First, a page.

Business

President’s Message: It’s Not About You

August 2020 issue

Gregory Daniel
GREGORY DANIEL
© TIm Kelly and Kyla Renee Paintings

As much as we like to think, It’s not about you, our clients predominantly care about themselves. And rightfully so. Put yourself in their shoes for a moment. Think how you’ve felt when entering into a buying experience.

Recently my wife and I remodeled our master bathroom and learned so many applicable business lessons. We thought the remodel was something we could handle on our own but quickly found out we were wrong. Your client may feel the same way about creating an important portrait—that it’s something they can do on their own with a point-and-shoot camera.

As we began to seek help for our remodel, we learned there’s a big difference between a decorator and an interior designer, for example. Portrait photographers, too, range from hobbyists to certified and degree holders.

If we want to convince a potential client they need us to execute their vision, much like Lesa and I needed a professional to execute our remodel vision, we have to start by identifying our target clients as well as their needs, desires, likes, and dislikes.

Have you identified your perfect client? Who would you like to do business with every day? Can you describe that ideal client in detail? Here are some questions to help you home in on the demographic you believe holds the best potential for you:

  • Where do your clients like to shop?
  • Do they believe in a particular cause?
  • Do they represent a specific generation?
  • Are they primarily involved in a unique business or field of work?
  • Do they have a common income level?
  • Are these clients located in a particular area of town?
  • Do they routinely shop or dine in the same establishments?

Knowing such details about your ideal clientele will help you create effective marketing strategies and clarify your messaging. One way to meet clients where they are is to educate them instead of selling to them. Our family loves Blue Ridge, Georgia. We take multiple getaways a year to this community that is rich in Southern hospitality. One of the establishments we visit each time we travel there is a shop called Out of the Blue. Our love for the store is more about Sarah, the owner, than the shop. She connects on a personal level with each customer who enters. Sarah’s secret recipe is that she genuinely loves people. She’s able to quickly assess each individual’s needs and identify solutions. Many times we walk into the shop not knowing we had a need, then walk out with the perfect solution. She’ll say, “I am not trying to sell you, just educate.” I love this approach. She is a guide leading us to the right solution.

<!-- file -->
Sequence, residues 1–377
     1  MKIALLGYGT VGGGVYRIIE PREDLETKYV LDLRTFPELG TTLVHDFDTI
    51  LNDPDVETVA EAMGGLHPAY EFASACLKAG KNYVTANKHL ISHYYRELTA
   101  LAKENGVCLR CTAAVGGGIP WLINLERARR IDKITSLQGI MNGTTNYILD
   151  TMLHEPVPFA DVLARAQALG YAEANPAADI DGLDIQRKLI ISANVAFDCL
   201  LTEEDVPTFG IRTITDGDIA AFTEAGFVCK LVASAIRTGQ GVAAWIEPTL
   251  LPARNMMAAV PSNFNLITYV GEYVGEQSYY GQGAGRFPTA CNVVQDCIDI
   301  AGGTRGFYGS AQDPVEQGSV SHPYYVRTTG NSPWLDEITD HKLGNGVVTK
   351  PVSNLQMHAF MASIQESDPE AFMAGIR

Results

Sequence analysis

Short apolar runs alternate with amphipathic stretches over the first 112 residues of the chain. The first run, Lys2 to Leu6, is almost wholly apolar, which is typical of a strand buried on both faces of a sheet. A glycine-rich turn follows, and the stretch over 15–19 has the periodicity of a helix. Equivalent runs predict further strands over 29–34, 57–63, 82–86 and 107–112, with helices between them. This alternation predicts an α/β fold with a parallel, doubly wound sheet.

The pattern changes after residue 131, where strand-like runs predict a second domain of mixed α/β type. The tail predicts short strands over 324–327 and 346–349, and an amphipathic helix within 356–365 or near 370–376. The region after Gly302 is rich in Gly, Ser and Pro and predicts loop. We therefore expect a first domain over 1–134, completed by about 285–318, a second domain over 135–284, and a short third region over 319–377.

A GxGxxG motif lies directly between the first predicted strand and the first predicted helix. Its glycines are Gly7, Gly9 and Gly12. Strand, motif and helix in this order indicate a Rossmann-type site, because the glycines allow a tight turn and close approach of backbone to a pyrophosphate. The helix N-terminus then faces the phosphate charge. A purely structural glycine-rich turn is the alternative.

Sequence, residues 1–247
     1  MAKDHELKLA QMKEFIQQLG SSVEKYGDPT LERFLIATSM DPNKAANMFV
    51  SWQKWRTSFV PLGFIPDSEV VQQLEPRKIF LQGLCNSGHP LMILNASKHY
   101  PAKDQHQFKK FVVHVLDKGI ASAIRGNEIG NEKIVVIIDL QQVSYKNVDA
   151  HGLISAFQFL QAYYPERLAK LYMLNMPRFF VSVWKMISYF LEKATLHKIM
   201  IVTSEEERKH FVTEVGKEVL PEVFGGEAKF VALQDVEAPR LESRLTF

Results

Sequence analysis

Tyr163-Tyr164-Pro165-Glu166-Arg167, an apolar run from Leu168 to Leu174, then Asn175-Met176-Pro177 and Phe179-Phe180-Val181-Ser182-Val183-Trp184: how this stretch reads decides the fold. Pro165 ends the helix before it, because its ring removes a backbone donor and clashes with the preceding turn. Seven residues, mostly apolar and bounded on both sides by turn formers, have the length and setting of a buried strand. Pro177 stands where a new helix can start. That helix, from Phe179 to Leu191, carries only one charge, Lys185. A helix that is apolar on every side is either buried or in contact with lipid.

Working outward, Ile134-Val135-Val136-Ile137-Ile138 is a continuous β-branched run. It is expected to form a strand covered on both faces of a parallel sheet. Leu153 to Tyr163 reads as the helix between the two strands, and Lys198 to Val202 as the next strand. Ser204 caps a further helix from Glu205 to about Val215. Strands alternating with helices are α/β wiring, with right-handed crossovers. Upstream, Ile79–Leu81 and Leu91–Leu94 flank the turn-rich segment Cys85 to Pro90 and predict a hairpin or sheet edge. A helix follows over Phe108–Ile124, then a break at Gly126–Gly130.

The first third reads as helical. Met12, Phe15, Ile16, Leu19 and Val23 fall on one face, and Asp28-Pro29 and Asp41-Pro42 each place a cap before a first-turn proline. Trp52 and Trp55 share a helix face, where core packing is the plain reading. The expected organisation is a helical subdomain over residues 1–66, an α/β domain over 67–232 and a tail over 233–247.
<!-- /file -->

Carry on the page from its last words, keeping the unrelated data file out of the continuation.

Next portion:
Whoever your target clients are, there’s a good chance they’re overwhelmed, as we live in a fast-paced world with endless choices. As you work to solve their problems, think of yourself like Sarah. Be a guide, shepherding clients through uncertainty and delivering clear messages about how you can serve them.

Once you know who your ideal clients are, deciphering their unique needs is crucial to the design and purpose of the product you’ll offer. Remember you’re in business to offer solutions to your client’s needs. Where does your client want to go? Do you have the product to help them achieve their goals? Is it easy for your clients to tell other potential clients how you solved their problem? Are they able to communicate easily how you made their life better?

Be the guide, keep your clients from being overwhelmed, and remember: It’s not about you; it’s about them.

Gregory Daniel is the owner of Gregory Daniel Portrait Artist in Titusville, Florida. 

Tags: bridging the gapcustomer experiencecustomer service

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